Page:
COVID-19 slowdown creating cashflow crises in communities
Eagle expects 2020 revenue to be off 25%
EAGLE — Shuttering businesses for the coronavirus outbreak will leave Eagle with 25% less money than projected.
The Town Council’s first look at its post-COVID-19 cashflow shows that general fund revenue will fall $1.8 million short of the $7.1 million budgeted for 2020. However, that budget projection from the halcyon days of BC — Before COVID-19.
Eagle’s sales taxes, most towns’ economic lifeblood, is being hammered as businesses hang on.
“Fortunately, the town saw positive increases for the first three months of 2020,” the report said.
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Ironically, because people aren’t misbehaving at anywhere near the levels they were last year, even Eagle’s municipal court fines are down 41% or $51.885.
It could be worse, and is in many places. At a mayor/manager meeting Town Manager Brandy Reitter and Mayor Scott Turnipseed learned that some towns are down 50% and more.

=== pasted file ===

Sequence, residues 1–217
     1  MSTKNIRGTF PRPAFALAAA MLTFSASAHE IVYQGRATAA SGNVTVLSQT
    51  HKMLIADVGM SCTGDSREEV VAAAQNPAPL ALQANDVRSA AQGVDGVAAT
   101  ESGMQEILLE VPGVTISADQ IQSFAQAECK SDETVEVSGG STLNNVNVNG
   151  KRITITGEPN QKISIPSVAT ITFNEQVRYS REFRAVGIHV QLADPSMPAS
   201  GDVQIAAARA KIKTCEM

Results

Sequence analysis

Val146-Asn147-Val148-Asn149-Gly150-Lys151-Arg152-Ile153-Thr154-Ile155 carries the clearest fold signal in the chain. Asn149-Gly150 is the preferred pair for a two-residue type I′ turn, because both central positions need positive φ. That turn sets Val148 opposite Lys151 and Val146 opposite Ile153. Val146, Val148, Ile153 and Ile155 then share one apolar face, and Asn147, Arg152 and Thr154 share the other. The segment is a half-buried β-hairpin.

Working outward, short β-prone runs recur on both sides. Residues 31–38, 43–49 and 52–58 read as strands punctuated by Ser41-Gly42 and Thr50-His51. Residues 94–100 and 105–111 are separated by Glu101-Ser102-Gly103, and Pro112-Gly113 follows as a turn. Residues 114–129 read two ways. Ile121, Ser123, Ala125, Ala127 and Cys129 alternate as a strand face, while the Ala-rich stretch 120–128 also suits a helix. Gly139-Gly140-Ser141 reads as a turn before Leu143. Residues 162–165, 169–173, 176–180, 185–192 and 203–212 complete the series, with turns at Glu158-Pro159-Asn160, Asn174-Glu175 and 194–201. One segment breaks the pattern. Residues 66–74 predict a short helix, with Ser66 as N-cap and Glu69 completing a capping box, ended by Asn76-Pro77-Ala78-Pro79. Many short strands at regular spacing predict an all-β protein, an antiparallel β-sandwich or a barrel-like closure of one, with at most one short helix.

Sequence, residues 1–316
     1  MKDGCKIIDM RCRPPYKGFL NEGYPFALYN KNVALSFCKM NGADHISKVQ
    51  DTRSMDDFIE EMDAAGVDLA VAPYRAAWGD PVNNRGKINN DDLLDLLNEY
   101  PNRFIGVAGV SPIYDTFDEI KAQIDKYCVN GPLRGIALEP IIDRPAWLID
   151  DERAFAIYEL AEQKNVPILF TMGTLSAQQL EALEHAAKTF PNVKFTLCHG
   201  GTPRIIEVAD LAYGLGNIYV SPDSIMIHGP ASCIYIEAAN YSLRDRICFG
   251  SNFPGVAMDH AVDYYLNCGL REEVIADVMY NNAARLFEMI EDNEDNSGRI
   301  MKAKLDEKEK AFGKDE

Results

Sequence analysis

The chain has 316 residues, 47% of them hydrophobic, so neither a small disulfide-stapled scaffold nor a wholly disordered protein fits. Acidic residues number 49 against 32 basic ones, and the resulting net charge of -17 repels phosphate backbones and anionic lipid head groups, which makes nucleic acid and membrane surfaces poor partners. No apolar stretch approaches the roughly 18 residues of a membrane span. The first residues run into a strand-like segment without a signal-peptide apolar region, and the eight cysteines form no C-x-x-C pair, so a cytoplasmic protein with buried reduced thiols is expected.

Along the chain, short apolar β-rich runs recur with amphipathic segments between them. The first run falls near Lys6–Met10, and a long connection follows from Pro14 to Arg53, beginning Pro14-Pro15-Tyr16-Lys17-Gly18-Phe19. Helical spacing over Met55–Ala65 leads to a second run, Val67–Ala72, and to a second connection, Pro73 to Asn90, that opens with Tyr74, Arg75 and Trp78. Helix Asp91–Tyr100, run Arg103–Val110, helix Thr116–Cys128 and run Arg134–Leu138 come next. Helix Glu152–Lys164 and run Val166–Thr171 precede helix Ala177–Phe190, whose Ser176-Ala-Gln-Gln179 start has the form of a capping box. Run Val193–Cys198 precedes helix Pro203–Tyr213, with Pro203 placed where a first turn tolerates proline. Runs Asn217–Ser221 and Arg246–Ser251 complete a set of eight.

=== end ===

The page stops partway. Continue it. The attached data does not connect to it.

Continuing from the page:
What to do about it
As the Town Council sees it, it has two options:
- Use the town’s fund balance to make up the difference after cutting spending, including a hiring and salary freeze, postponing capital projects, and payments to the open space fund.
- Cut spending by the amount by the amount of money they’re short.
The town also took some preemptive action in March when it declared an emergency disaster, which could make it eligible for federal funds.
Like every other community, Eagle has been down this road before. When the Great Recession hit in 2007, the town took an 18% hit over the next three years, through 2010.
The Town Council will talk about it during Tuesday’s online meeting. To be part of the discussion you must register beforehand.
Town Council donating pay
Town Council members are doing their part. The seven-member council voted unanimously to donate their stipends to the town’s general fund to help the town and Eagle’s struggling businesses. That was supposed to sunset on April 24, but the Town Council is extending it to August 1.
Given the current pay — $250 a month for board members and $400 a month for the mayor — it might be largely symbolic, but it’s something board members said they felt they should do.
“It demonstrates good faith,” said Town Councilmember Matt Solomon, who proposed the idea.
Solomon and some other board members could probably use the money.
Solomon is self-employed and up to his eyebrows in canceled contracts as a result of the coronavirus. Board member Andy Jessen launched Bonfire Brewery and during the Town Council’s first online meeting sat alone in his darkened, empty bar.
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